With so many remarkable things happening in the science and tech worlds, it’s hard to choose which to talk about. Here are a few ongoing developments worth keeping your eyes on.
Stem Cell Heart Generation– For the first time, a human heart has been created using stem cells, a major step forward in organ generation. A couple years ago scientists rebuilt the heart of a rat using stem cells; the same team is behind the latest breakthrough. If all goes as planned, the heart will continue to grow and eventually begin beating automatically. The implications of this development are huge, including overcoming the problems of transplanting donated hearts.
Hybrid MRI / PET Imaging –
Simultaneous positron emission tomography (PET) and magnetic resonance imaging (MRI) could provide the broadest spectrum of diagnostics possible, at least by current-tech standards. MRI is especially useful for examining soft tissues in the body, and when combined with PET (which is better at structural evaluation) it can provide extremely detailed imaging of organ tissue. The duo would work especially well in evaluating the true extent of liver damage, as one example, without exposure to high levels of radiation. The problem is that these technologies don’t play well together, so integrating them is no small challenge.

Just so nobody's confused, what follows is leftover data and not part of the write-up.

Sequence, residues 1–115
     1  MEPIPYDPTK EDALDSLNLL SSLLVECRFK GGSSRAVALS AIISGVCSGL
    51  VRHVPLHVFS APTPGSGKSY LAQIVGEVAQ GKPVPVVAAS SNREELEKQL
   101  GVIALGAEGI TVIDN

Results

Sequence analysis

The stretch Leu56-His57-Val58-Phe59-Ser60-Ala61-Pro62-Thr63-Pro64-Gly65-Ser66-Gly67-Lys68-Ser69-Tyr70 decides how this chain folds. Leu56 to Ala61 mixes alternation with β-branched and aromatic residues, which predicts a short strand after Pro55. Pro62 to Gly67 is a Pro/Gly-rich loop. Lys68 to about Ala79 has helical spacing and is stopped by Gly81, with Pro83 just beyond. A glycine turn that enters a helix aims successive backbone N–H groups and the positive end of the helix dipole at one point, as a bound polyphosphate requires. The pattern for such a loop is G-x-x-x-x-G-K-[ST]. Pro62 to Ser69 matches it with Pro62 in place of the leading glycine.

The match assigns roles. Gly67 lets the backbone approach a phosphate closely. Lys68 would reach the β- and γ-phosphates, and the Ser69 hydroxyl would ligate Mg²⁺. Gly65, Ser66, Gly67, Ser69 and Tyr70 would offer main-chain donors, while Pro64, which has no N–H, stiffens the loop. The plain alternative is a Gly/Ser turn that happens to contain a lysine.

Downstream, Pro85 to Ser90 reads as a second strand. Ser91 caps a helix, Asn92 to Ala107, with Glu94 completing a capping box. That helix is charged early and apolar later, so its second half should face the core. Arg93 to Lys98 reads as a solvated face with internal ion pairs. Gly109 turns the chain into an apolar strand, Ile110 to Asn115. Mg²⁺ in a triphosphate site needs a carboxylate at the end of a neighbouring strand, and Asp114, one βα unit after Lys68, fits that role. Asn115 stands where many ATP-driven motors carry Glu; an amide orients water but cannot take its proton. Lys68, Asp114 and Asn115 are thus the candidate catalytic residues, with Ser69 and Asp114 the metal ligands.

Applied Sciences & Engineering
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Mimicking Porosity in Nature – “Graduated porosity” in beehives, trees, seashells, bones and many other marvels of nature allows these materials to endure incredible stress without compromising the integrity of the entire structure. Bones, for example, can fracture in one place without affecting the rest of the bone. The problem is that these structures have evolved for specific purposes, and it’s not easy to synthesize eons of complexity. We are, however, getting closer to figuring out what clams and bees already know.